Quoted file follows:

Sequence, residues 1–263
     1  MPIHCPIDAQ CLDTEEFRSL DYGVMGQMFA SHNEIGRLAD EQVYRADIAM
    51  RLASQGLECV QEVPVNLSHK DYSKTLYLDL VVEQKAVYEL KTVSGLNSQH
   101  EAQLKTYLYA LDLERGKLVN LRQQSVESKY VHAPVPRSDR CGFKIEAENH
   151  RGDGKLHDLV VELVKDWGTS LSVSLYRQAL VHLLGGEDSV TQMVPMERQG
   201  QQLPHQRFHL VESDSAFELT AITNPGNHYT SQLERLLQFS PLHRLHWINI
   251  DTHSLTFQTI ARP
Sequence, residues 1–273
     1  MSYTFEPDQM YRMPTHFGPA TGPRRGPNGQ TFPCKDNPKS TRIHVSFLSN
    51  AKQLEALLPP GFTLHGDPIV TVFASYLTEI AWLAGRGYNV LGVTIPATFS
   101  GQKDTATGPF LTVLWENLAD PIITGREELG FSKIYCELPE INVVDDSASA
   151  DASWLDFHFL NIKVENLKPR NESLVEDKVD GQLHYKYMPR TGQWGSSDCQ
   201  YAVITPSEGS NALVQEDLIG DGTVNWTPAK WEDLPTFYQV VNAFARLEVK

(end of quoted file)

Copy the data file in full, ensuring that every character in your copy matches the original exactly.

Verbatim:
Sequence, residues 1–263
     1  MPIHCPIDAQ CLDTEEFRSL DYGVMGQMFA SHNEIGRLAD EQVYRADIAM
    51  RLASQGLECV QEVPVNLSHK DYSKTLYLDL VVEQKAVYEL KTVSGLNSQH
   101  EAQLKTYLYA LDLERGKLVN LRQQSVESKY VHAPVPRSDR CGFKIEAENH
   151  RGDGKLHDLV VELVKDWGTS LSVSLYRQAL VHLLGGEDSV TQMVPMERQG
   201  QQLPHQRFHL VESDSAFELT AITNPGNHYT SQLERLLQFS PLHRLHWINI
   251  DTHSLTFQTI ARP
Sequence, residues 1–273
     1  MSYTFEPDQM YRMPTHFGPA TGPRRGPNGQ TFPCKDNPKS TRIHVSFLSN
    51  AKQLEALLPP GFTLHGDPIV TVFASYLTEI AWLAGRGYNV LGVTIPATFS
   101  GQKDTATGPF LTVLWENLAD PIITGREELG FSKIYCELPE INVVDDSASA
   151  DASWLDFHFL NIKVENLKPR NESLVEDKVD GQLHYKYMPR TGQWGSSDCQ
   201  YAVITPSEGS NALVQEDLIG DGTVNWTPAK WEDLPTFYQV VNAFARLEVK